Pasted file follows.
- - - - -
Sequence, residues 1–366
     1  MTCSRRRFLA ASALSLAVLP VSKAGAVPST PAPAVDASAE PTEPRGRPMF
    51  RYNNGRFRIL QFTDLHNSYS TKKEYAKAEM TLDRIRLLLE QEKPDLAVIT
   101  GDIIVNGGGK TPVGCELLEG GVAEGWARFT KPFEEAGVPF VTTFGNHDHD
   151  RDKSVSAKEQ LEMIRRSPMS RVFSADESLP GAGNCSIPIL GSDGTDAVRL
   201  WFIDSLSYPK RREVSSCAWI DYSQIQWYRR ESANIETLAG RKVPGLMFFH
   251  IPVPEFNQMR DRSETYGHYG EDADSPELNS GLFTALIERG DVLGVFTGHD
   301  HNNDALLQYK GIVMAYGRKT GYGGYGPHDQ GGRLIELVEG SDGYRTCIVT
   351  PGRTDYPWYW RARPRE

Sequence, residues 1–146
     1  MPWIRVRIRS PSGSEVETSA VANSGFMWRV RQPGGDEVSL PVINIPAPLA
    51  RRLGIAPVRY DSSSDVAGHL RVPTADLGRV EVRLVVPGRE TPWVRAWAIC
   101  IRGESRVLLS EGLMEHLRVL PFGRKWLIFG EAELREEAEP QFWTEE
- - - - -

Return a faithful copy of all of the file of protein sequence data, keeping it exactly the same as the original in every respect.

Sequence, residues 1–366
     1  MTCSRRRFLA ASALSLAVLP VSKAGAVPST PAPAVDASAE PTEPRGRPMF
    51  RYNNGRFRIL QFTDLHNSYS TKKEYAKAEM TLDRIRLLLE QEKPDLAVIT
   101  GDIIVNGGGK TPVGCELLEG GVAEGWARFT KPFEEAGVPF VTTFGNHDHD
   151  RDKSVSAKEQ LEMIRRSPMS RVFSADESLP GAGNCSIPIL GSDGTDAVRL
   201  WFIDSLSYPK RREVSSCAWI DYSQIQWYRR ESANIETLAG RKVPGLMFFH
   251  IPVPEFNQMR DRSETYGHYG EDADSPELNS GLFTALIERG DVLGVFTGHD
   301  HNNDALLQYK GIVMAYGRKT GYGGYGPHDQ GGRLIELVEG SDGYRTCIVT
   351  PGRTDYPWYW RARPRE

Sequence, residues 1–146
     1  MPWIRVRIRS PSGSEVETSA VANSGFMWRV RQPGGDEVSL PVINIPAPLA
    51  RRLGIAPVRY DSSSDVAGHL RVPTADLGRV EVRLVVPGRE TPWVRAWAIC
   101  IRGESRVLLS EGLMEHLRVL PFGRKWLIFG EAELREEAEP QFWTEE